Versace’s Turns to Accessories to Lead Profits

Versace’s Turns to Accessories to Lead Profits

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Sexier than this year’s top model! More fashionable than the hottest Italian design! Able to outsell core product in a single bound! It’s Accessories!!

That’s no exaggeration. A recent story in the Wall Street Journal illustrates just how important and profitable accessories have become to a wide variety of retailers.

It turns out that Versace, the Italian design firm, is shifting away from its money-losing clothing line to focus on more profitable accessories, such as luggage, shoes, handbags, leather goods, home furnishings and automobile interiors. Accessories last year accounted for more than 33 percent of Versace’s $383 million in revenue, a 27 percent jump in two short years. They also contributed to the company’s $25.4 million in profit, its first after years of losses, the Journal reported. In most cases, the accessories generate more profit than the designer’s core clothing line, had a longer shelf life and quicker go-to-market cycles, according to the article.

Many other designers are following suit by deemphasizing their exclusive, expensive and non-profitable clothing lines to drive consumer-friendly accessories, all in the name of attracting more customers and generating greater profit.

Versace’s lesson should not be lost on CE/Imaging retailers, especially those that continue to moan about unprofitable digital cameras and flat-panel televisions. Like Versace’s core clothing line, flat panels and digicams will never again yield the profits they once did. But there are also some very important differences that separate the two. Unlike clothing designed for the moment and for the rich, flat panels and digital cameras are affordable, sell across all demographics, create solid demand and serve as core product lines that beg for a variety of accessories.

But with any change in business models, there are always challenges.

In Versace’s case, Gaincarlo Rossi, the CEO behind the designer’s new strategy, had to convince a reluctant Donatella Versace to follow suit. “This is not going to work,” she recalled to the Journal. “This is going to die.” What eventually happened was quite the opposite, which illustrates what can happen when someone married to an old business model drops their ego to listen to the advice of outsiders. To wean itself from clothing, the company even dumped its lingerie and children’s line, and sold its unprofitable perfume, jewelry and watchmaking divisions. Change might be painful, but it can lead to growth.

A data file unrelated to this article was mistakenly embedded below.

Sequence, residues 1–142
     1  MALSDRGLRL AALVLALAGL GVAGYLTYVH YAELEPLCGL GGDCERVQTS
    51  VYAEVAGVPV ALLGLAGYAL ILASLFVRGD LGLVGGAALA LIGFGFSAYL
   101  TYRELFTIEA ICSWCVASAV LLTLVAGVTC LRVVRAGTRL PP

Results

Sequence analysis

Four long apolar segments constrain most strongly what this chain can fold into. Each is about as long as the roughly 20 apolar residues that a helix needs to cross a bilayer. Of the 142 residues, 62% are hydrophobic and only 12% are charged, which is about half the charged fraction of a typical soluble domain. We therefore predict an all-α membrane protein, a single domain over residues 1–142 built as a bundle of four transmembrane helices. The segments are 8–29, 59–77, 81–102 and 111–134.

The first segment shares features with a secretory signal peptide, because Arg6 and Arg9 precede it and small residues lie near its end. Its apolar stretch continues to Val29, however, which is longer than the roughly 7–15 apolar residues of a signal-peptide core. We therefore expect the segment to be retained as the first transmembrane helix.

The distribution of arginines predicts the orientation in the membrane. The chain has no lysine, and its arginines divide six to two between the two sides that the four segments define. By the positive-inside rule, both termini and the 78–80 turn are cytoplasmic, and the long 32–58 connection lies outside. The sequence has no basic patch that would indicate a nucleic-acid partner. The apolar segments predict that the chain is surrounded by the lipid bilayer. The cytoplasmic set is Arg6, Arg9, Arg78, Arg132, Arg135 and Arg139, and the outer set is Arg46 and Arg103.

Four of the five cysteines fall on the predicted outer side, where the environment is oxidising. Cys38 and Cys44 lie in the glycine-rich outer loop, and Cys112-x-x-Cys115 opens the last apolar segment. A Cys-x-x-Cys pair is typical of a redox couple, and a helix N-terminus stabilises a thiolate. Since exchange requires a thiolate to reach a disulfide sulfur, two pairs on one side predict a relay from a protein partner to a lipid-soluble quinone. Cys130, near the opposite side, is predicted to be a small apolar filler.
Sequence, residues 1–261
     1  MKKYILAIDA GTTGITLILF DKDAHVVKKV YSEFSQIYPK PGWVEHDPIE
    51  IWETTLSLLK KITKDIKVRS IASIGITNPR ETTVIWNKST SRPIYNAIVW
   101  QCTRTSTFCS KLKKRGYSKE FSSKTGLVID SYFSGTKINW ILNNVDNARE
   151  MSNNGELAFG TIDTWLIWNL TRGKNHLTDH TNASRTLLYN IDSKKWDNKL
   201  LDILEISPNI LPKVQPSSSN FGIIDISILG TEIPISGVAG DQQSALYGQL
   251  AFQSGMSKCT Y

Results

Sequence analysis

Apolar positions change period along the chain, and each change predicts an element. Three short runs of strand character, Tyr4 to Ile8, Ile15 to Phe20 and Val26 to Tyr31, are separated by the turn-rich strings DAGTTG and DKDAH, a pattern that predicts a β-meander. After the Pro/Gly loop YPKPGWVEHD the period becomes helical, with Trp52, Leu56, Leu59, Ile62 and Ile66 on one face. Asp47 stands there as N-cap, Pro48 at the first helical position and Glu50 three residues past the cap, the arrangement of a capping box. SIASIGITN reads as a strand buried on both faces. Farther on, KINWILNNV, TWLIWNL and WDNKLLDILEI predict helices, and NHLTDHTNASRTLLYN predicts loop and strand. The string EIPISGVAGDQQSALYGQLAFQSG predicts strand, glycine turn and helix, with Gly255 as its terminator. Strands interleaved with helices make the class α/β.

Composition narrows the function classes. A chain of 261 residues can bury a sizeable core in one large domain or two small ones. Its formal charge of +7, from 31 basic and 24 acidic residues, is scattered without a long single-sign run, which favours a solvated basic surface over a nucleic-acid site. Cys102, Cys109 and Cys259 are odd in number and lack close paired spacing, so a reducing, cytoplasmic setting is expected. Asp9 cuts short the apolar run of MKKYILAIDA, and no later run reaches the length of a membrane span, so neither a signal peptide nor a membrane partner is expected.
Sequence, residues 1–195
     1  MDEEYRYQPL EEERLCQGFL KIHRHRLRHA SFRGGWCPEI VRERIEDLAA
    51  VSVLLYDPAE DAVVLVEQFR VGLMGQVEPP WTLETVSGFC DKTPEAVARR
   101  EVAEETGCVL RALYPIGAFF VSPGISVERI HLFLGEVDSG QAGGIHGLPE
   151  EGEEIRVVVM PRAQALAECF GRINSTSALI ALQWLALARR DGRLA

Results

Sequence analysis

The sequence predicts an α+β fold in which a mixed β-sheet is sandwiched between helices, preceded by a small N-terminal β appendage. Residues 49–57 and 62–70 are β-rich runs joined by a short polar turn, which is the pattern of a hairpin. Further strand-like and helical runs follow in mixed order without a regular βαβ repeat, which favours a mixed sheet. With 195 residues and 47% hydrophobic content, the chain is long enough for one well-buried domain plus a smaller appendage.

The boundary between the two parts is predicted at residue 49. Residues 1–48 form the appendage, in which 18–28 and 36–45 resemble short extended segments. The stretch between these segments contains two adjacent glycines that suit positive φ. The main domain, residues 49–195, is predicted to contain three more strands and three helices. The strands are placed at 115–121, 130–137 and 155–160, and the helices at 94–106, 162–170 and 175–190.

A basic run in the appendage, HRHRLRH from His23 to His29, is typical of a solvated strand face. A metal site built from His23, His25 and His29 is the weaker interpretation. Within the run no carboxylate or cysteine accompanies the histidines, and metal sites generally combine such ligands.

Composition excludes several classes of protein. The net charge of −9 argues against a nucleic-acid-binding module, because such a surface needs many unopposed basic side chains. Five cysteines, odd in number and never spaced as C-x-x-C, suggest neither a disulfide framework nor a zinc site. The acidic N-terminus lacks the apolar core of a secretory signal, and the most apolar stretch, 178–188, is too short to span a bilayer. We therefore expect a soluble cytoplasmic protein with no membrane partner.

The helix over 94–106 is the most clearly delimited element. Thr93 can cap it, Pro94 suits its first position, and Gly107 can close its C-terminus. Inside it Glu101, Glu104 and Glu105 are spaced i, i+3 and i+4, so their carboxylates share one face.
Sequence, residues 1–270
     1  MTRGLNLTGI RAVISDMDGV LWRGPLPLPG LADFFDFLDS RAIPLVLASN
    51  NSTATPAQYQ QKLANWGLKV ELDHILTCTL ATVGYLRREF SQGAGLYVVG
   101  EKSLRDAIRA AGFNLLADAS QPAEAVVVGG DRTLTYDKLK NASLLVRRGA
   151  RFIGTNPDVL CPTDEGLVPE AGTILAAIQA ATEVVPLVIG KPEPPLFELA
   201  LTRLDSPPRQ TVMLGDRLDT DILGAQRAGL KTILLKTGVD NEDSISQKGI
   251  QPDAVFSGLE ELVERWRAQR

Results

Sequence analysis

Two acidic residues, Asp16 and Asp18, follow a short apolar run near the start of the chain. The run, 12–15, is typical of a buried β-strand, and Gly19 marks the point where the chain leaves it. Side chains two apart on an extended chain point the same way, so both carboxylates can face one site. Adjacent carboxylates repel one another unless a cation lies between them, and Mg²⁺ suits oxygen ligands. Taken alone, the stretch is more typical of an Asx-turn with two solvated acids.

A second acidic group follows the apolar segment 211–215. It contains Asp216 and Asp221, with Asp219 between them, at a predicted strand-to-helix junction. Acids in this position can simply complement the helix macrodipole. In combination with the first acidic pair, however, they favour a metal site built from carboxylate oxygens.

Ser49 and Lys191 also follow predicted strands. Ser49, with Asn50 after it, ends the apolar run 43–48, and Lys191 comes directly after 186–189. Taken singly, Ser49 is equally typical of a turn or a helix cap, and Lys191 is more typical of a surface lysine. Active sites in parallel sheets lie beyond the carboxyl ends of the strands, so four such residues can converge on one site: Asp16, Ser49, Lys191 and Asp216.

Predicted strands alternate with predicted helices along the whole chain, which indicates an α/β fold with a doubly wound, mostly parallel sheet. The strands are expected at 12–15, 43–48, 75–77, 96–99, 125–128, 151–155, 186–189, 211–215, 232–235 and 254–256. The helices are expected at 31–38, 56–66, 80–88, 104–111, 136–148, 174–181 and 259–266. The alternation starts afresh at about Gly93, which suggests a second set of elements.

CE/Imaging retailers face their own challenges when it comes to accessories, mainly making sure sales lets each customer know that you carry all the accessories needed to optimize a core product. Chances are your customer doesn’t know these products exist and why they’re important. The numbers prove the point.

In its “The CE Accessories Market: Insights and Opportunities” report, CEA found that 82 percent of consumers buy accessories after their initial purchase, which means the majority of people end up buying them from another store. With $11.2 billion in CE accessory sales this year, that’s a lot of money walking out you door and into another. On the flip side, more than 25 percent spent more on accessories than they originally planned. On top of that, 40 percent said they spent more than they expected when assisted by a sales rep. They were also twice as likely to spend more than expected during an assisted sale than they would have while buying online.

It just goes to show that sex doesn’t always sell. Smart strategies do.

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